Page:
Bacterial Adhesion and Biofilm Formation on Textured Breast Implant Shell Materials
Garth A. James, Laura Boegli, John Hancock, Lisa Bowersock, Albert Parker, Brian M. Kinney
Aesthetica Plastic Surgery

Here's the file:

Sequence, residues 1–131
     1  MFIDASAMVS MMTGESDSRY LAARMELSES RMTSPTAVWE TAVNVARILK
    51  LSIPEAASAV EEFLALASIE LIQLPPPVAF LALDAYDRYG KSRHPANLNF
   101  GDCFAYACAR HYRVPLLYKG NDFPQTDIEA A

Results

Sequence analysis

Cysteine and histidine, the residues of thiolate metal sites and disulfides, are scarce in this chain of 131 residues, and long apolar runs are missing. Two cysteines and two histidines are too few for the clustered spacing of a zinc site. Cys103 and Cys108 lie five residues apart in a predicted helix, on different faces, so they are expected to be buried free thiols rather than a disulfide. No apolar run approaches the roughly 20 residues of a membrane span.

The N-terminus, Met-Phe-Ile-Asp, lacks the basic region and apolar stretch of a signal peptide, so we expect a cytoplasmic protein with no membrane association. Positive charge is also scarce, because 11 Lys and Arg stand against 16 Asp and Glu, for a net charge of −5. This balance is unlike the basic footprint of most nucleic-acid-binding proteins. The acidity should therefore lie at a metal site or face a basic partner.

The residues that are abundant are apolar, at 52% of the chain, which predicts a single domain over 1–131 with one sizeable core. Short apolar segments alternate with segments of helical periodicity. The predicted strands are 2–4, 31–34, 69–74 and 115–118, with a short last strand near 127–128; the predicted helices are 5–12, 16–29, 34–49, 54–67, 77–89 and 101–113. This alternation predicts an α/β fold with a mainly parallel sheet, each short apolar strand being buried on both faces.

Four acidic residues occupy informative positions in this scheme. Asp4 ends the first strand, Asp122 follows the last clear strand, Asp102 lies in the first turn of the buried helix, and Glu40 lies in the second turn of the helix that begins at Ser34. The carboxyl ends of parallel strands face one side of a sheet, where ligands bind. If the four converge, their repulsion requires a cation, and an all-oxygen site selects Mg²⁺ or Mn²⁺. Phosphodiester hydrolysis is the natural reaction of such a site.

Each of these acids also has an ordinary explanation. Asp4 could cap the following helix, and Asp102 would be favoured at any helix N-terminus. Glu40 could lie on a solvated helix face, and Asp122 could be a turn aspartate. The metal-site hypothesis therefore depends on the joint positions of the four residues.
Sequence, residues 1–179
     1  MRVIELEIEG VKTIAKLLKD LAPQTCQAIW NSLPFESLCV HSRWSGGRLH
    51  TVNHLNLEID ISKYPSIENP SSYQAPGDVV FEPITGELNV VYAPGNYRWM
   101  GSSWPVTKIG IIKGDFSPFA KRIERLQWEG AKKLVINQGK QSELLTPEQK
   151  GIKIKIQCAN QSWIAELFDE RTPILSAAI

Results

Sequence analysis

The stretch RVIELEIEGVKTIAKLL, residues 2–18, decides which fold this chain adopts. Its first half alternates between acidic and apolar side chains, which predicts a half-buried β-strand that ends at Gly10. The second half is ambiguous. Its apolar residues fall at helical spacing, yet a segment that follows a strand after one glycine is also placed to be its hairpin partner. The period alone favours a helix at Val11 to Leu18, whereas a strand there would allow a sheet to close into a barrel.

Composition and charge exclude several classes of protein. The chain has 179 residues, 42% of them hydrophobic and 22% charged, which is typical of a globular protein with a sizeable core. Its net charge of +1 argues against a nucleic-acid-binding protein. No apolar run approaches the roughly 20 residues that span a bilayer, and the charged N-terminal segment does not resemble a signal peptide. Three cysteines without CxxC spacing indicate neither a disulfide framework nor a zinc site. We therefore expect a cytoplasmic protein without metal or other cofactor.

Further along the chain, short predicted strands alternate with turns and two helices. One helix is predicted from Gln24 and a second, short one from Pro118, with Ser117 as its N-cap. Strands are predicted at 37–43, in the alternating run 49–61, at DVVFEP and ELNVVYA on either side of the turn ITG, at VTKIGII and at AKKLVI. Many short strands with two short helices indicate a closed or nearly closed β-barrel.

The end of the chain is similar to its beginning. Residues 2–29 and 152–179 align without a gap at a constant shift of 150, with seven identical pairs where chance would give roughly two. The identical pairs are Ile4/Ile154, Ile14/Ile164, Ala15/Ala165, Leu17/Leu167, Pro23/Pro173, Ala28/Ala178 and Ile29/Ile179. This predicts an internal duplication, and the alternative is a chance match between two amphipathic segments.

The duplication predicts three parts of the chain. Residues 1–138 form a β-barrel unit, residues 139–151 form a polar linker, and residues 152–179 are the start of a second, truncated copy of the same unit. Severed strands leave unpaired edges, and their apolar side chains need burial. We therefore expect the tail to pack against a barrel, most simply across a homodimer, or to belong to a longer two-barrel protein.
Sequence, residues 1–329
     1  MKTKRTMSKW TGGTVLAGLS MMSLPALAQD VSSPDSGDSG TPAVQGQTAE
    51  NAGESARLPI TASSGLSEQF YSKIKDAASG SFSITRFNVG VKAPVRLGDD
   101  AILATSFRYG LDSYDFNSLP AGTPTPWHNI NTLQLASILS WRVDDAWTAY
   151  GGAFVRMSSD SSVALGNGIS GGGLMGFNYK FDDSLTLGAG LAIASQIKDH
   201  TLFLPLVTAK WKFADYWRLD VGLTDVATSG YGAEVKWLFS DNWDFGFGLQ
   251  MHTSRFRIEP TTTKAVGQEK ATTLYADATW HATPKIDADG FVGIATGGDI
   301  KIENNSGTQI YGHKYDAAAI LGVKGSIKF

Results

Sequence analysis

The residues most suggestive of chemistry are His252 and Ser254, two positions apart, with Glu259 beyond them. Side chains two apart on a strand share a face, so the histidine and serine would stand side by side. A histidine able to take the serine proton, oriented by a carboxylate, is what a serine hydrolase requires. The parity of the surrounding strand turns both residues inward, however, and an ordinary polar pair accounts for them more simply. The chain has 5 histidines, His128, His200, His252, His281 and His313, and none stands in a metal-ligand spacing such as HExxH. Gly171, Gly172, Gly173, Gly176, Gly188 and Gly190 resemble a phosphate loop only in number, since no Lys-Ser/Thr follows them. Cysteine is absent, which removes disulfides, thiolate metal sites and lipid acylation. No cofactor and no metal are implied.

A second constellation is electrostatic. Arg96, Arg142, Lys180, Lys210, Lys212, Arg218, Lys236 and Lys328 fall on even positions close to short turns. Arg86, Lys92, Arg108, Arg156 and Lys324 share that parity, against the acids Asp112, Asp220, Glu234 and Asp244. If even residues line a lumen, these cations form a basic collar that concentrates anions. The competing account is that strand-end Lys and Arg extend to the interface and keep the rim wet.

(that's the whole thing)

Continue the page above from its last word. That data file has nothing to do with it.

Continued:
Background Bacterial biofilms have been implicated with breast implant complications including capsular contracture and anaplastic large-cell lymphoma. The actual mechanisms for either are still under active investigation and are not clear. Due to their increased surface area, implants with textured surfaces may harbor greater biofilm loads than those with smooth surfaces. Methods Biofilm formation on the outer surface material was compared using implants with various surface areas and roughness, including Natrelle® (Smooth), SmoothSilk®/SilkSurface® (Silk), VelvetSurface ® (Velvet), Siltex®, and Biocell®. The roughness and surface area of each material were assessed using non-contact profilometry. Bacterial attachment (2 h) and biofilm formation (24 h) were evaluated for Staphylococcus epidermidis, Pseudomonas aeruginosa, and Ralstonia pickettii over nine independent experiments using a CDC biofilm reactor and viable plate counts (VPCs) as well as confocal scanning laser microscopy. VPCs of the textured implants were compared relative to the Smooth implant. Results Surface areas increased with roughness and were similar among the three least rough implants (Smooth, Silk, and Velvet) and among the roughest implants (Siltex and Biocell). Overall, VPC indicated there was significantly more bacterial attachment and biofilm formation on the Siltex and Biocell implants than the Silk or Velvet implants, although there were differences between species and time points. CSLM confirmed the formation of thicker biofilms on the implants with rougher surface textures. Conclusion This in vitro study confirmed that implant surfaces with rougher texture, resulting in more surface area, harbored greater biofilm loads than those with smoother surfaces.
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